From what I've understood, the smaller bytecode is pretty much the only advantage (See this question), so I don't expect you'll see a lot of arguments for it in the answers here.

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I always try to throw my own exceptions for the mere purpose of customization. I can throw a message that is going to tell me in short order what the problem is (and possibly where it originated from). As far as performance issues go, I try to limit the number of exceptions thrown on the release versions of my software as much as possible, so I have never actually thought about it too much. I am interested to see what other say though.

That is my 2 cents. Please take it as such.

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One advantage not yet mentioned to using either a throw-helper or exception-factory method is the possibility of passing a delegate for such a purpose. When using a throw-helper delegate, one gains the possibility of not throwing (which would in some cases be a good thing; in other cases, a bad thing). For example:

string TryGetEntry(string key, Funct<problemCause, string> errorHandler)
{
  if (disposed)
    return errorHandler(problemCause.ObjectDisposed);
  else if (...entry_doesnt_exist...)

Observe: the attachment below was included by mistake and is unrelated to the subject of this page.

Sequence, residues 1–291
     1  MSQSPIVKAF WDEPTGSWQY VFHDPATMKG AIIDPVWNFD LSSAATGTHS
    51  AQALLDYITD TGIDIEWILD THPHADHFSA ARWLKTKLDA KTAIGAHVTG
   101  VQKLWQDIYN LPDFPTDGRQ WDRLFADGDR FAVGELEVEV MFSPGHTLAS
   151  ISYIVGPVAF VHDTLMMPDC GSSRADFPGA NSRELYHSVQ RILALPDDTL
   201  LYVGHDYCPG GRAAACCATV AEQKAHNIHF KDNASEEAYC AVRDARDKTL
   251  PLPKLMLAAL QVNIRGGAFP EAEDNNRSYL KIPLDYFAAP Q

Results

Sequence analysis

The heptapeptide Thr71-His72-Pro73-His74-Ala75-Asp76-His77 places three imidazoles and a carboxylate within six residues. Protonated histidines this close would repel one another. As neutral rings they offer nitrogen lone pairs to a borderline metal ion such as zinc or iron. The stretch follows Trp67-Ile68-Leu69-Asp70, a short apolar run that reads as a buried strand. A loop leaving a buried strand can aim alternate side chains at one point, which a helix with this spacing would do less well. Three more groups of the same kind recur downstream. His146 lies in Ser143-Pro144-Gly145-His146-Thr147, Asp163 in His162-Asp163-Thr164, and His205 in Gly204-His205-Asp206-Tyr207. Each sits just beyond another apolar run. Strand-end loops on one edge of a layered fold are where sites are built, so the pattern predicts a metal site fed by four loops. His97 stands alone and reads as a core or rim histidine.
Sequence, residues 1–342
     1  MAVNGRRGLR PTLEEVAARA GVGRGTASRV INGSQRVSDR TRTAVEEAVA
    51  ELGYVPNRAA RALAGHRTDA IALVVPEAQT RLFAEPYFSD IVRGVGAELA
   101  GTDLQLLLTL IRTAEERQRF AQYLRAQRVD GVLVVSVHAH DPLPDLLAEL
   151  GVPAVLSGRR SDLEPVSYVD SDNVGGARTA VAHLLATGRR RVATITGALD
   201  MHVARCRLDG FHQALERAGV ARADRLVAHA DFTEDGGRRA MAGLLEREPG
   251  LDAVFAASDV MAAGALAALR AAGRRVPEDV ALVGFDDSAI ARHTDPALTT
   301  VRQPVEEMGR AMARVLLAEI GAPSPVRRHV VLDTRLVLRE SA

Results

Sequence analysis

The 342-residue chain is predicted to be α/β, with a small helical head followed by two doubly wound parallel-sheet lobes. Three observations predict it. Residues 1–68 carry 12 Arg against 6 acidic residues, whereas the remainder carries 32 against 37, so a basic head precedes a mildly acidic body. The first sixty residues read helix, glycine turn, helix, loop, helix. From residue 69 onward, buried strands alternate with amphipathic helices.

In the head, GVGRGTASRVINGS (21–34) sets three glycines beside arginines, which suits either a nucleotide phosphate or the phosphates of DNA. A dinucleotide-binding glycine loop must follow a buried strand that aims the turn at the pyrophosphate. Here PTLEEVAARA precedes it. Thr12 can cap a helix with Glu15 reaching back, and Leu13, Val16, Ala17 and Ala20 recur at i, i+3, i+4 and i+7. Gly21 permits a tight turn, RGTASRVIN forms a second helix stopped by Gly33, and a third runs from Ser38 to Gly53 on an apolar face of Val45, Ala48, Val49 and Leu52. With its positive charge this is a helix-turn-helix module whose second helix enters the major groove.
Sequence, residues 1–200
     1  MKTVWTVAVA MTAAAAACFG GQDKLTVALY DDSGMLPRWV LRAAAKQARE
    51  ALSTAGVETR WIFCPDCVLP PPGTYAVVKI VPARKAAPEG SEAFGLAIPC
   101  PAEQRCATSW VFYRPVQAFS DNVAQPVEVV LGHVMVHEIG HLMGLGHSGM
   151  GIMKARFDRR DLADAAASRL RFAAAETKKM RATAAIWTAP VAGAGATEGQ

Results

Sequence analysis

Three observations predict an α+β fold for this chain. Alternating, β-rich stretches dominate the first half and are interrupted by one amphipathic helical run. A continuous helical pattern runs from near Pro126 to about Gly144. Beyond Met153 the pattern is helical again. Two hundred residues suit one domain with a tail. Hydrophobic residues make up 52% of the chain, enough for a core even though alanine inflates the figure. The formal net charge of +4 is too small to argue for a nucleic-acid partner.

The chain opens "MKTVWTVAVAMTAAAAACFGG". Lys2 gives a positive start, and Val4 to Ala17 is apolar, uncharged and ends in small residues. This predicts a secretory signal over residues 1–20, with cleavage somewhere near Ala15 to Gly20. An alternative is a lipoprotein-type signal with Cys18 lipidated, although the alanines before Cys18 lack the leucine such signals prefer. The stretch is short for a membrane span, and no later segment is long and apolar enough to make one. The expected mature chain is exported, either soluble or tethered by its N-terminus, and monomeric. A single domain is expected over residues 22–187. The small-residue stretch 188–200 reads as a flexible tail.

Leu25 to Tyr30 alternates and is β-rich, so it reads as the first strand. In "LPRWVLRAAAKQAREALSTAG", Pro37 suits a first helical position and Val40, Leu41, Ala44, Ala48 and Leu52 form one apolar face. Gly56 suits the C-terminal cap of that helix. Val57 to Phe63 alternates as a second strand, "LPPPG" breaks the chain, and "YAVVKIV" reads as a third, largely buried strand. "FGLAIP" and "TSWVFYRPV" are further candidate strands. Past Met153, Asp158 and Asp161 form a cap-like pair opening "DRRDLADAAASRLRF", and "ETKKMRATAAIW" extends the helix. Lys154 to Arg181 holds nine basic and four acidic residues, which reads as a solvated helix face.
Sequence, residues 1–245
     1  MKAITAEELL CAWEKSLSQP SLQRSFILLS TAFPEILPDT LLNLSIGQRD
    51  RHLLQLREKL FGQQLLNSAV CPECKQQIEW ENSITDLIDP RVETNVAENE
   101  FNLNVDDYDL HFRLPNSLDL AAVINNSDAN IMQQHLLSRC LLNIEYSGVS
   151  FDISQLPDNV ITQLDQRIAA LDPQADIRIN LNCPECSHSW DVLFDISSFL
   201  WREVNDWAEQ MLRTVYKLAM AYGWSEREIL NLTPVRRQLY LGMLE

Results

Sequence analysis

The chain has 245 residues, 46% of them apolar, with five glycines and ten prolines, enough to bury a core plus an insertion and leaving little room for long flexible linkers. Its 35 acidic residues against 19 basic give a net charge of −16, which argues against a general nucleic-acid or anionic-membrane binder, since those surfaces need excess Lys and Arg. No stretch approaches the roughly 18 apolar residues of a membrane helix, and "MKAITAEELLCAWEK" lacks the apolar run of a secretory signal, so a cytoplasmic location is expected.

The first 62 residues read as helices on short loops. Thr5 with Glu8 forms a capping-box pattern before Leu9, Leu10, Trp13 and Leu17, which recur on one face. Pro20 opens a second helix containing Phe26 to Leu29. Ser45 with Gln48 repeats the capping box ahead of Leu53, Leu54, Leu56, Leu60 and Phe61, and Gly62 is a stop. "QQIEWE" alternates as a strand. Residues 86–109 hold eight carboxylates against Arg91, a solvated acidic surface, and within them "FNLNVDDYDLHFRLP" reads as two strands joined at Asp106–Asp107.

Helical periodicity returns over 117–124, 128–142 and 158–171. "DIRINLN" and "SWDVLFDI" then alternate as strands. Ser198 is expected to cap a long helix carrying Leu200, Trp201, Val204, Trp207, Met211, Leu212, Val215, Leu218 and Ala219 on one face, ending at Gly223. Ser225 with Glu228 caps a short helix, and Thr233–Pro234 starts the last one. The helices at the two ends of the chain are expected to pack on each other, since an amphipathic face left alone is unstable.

return errorHandler(problemCause.ObjectNotFound);
  else
    return ...entry...;
}
string GetEntry(string key)
{
  return TryGetEntry(key, ThrowExceptionOnError);
}
bool TryGetEntry(string key, ref result)
{
  bool ok;
  string result;
  result = TryGetEntry(key, (problemCause theProblem) => {ok=false; return (string)null;});
  return ok;
}

Using this approach, one may easily use one routine with a variety of error-handling strategies. One could eliminate the need for a closure by having the TryGetEntry method accept a generic type parameter along with a 'ref' parameter of that type and a delegate that accepts such a 'ref' parameter; the example is simpler, though, just using a closure.

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This is smart, but I prefer a more straightforward approach... Just not to worry abount errors in the errorhandler ... :-) –  smv Apr 24 '12 at 21:02